That’s why my first assignment of the new year took me to Bala Lake — that’s Llyn Tegid in Welsh.
The lake is allegedly home to Teggie, Wales’ answer to the Loch Ness Monster. And I took to a canoe on a cold January morning [pictured above] to go in search of the camera-shy beastie.
The feature is for Rough Guides and will be published March 1st — St David’s Day in Wales.
Here’s a preview of what to expect:
They regale me with kind of folk tales familiar to all Welsh schoolchildren. The cast of characters would put Game of Thrones to shame — evil kings, brave knights and mischievous elves. These stories, I learn, are passed down through the generations and integral to preserving the Welsh language and culture.
“Every place name has an old story attached to it. hese legends ground us,” explains Llinos Jones-Williams. “Based around universal themes of love, life and death, they can still teach us something about the way we live today.”
I’m interested in other ideas around Welsh folklore and have a possible assignment around the summer solstice. Watch this space for more.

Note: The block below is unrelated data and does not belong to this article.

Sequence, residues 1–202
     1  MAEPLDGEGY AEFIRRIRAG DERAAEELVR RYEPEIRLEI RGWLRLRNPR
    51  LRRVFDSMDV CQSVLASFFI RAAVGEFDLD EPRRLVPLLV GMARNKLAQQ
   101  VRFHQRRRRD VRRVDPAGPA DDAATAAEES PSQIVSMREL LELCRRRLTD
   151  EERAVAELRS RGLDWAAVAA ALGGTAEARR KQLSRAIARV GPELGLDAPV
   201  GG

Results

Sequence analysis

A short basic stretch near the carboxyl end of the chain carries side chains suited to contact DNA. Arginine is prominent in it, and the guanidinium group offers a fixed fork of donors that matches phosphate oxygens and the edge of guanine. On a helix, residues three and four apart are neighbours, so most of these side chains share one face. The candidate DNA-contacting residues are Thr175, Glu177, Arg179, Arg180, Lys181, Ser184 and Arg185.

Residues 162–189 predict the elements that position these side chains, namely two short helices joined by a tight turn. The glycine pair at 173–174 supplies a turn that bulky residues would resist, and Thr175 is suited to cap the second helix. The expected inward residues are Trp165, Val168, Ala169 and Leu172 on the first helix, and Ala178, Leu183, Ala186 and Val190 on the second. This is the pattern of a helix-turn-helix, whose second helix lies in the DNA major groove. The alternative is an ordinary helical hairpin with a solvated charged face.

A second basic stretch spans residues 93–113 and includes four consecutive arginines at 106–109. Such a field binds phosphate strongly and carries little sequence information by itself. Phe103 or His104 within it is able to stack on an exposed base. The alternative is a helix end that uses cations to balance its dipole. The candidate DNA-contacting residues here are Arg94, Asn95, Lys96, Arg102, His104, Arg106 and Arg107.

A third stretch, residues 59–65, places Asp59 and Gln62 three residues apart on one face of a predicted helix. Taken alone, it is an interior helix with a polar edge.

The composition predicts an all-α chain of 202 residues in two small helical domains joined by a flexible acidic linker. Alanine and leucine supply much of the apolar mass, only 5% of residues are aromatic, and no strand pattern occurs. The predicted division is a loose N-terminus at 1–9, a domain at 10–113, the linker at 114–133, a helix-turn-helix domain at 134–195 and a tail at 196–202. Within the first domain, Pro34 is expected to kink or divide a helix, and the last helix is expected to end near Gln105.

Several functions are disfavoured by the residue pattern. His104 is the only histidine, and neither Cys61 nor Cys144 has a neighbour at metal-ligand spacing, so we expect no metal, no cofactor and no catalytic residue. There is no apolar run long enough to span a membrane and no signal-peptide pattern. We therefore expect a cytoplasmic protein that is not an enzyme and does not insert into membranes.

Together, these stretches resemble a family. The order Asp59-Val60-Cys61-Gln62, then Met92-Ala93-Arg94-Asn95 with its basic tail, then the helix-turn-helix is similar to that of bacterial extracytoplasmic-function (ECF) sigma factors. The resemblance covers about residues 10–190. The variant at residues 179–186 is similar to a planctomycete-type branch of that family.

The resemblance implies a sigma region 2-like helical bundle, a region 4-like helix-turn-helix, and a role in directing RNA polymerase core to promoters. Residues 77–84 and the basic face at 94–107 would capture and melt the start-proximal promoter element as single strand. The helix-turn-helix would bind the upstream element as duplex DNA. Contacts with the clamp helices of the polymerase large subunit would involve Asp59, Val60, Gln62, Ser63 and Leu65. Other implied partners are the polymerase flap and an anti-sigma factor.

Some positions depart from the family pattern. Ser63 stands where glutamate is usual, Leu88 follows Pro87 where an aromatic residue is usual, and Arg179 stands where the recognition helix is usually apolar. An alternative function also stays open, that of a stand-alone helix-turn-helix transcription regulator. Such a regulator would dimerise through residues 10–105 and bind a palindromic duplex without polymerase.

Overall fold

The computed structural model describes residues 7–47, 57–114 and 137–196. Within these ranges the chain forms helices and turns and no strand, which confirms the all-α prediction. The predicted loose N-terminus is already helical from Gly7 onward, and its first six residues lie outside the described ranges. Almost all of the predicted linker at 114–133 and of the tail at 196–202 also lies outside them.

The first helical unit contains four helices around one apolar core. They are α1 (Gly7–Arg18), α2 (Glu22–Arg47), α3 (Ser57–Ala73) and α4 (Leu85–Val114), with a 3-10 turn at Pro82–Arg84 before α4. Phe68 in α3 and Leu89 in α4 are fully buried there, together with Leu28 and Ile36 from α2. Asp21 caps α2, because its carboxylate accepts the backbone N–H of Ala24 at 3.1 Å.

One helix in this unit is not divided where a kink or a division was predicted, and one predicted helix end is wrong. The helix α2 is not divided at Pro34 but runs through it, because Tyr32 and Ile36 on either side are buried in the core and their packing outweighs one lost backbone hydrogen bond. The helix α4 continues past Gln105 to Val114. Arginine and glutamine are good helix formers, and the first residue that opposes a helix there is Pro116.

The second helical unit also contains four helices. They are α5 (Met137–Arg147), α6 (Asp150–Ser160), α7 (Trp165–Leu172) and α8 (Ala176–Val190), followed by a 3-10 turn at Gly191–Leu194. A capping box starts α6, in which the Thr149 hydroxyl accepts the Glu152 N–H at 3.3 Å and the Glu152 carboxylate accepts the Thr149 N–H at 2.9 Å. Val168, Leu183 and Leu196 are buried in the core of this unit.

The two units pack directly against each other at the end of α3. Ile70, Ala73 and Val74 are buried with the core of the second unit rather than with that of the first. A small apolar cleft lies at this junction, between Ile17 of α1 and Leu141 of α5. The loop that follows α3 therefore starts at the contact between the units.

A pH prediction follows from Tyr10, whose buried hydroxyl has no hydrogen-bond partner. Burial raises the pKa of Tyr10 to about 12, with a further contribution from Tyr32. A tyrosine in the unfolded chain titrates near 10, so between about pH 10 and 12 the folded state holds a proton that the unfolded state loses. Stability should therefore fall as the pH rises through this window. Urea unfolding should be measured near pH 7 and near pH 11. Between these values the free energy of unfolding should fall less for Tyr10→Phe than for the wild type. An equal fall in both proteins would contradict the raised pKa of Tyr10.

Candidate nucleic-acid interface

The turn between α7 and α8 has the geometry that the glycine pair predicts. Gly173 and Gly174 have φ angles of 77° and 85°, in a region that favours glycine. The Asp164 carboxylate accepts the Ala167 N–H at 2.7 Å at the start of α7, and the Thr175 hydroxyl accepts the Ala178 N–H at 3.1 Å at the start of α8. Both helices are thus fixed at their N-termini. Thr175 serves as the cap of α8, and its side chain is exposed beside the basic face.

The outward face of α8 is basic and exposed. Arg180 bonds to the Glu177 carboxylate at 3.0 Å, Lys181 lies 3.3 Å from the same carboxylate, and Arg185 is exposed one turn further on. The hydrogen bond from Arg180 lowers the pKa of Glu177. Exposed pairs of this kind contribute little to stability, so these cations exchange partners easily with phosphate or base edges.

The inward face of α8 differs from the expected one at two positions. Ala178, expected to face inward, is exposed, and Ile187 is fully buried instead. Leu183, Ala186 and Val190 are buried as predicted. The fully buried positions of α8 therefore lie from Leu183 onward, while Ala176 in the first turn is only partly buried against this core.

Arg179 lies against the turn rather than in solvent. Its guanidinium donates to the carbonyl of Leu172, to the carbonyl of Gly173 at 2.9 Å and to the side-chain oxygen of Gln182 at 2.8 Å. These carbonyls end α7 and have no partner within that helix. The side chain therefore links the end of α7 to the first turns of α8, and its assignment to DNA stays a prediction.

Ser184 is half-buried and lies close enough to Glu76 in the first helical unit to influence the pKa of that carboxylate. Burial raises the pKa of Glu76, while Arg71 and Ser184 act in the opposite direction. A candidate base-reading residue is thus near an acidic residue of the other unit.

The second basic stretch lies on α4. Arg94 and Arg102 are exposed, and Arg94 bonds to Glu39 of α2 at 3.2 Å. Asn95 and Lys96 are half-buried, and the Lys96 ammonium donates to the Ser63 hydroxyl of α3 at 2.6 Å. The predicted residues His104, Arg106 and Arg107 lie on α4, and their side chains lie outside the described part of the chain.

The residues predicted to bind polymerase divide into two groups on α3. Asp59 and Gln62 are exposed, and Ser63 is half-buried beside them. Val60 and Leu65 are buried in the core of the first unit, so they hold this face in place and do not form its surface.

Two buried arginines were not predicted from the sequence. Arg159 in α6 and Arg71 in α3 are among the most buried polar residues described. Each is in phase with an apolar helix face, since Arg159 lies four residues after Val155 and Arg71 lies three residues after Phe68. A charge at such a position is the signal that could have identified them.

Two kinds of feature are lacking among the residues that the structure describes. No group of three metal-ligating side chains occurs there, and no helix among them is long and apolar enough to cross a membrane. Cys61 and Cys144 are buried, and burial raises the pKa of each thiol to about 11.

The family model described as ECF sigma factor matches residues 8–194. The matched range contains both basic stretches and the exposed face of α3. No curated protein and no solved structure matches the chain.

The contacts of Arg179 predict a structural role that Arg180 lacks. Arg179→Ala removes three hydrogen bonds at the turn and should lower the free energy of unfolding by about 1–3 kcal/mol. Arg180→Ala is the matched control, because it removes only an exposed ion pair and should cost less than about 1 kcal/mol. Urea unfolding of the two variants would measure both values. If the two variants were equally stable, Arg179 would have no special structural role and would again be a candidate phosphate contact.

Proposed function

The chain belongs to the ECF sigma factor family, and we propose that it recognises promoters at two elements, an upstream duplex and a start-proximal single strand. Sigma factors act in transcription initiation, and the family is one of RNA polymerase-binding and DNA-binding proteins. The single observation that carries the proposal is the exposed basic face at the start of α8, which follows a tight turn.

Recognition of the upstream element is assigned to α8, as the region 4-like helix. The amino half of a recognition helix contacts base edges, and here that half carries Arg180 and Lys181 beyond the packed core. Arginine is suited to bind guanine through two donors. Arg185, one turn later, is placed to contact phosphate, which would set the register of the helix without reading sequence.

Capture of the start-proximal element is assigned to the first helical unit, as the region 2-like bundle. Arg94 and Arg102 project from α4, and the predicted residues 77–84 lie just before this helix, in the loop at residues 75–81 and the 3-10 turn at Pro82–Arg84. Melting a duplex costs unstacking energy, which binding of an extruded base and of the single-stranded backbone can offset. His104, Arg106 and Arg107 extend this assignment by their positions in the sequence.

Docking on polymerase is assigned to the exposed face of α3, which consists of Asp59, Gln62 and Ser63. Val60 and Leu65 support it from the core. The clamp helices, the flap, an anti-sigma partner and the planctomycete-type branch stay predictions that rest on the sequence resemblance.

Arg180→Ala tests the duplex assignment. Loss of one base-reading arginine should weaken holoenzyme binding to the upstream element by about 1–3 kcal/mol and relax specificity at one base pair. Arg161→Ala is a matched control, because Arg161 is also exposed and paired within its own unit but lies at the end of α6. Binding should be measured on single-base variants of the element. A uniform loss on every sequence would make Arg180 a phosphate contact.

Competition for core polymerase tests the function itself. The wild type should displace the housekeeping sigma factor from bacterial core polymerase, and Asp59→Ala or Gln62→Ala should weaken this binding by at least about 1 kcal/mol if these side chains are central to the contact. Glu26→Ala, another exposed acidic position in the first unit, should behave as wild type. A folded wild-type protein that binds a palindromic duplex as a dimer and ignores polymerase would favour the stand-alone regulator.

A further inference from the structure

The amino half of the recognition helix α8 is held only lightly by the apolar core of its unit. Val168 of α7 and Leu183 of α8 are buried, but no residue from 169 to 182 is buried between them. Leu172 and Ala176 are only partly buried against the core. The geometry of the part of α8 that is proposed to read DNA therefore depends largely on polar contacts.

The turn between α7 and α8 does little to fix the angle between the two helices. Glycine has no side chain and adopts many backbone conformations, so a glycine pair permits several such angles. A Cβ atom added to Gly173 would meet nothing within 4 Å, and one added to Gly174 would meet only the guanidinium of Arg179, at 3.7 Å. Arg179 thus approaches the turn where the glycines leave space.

The latest is a piece for the Best Loved Hotels group to write the Wales copy for their new brochure — out 2017.
The story ties into the theme of myths and legends, which Wales will celebrate in the year ahead.
Here’s a preview:
Walkers love Offa’s Dyke but few know the legends surrounding the linear earthwork that forms its 82-mile-long backbone. Offa, the 8th-century King of Mercia built the dyke as a Saxon statement of intent against rebellious Welsh tribes. The ditch and high-earth ramparts subsequently ran with blood for three centuries of border skirmishes.
I’m now planning some new ideas around Welsh myths and legends for forthcoming commissions.
Got a suggestion for a story angle? Please get in touch.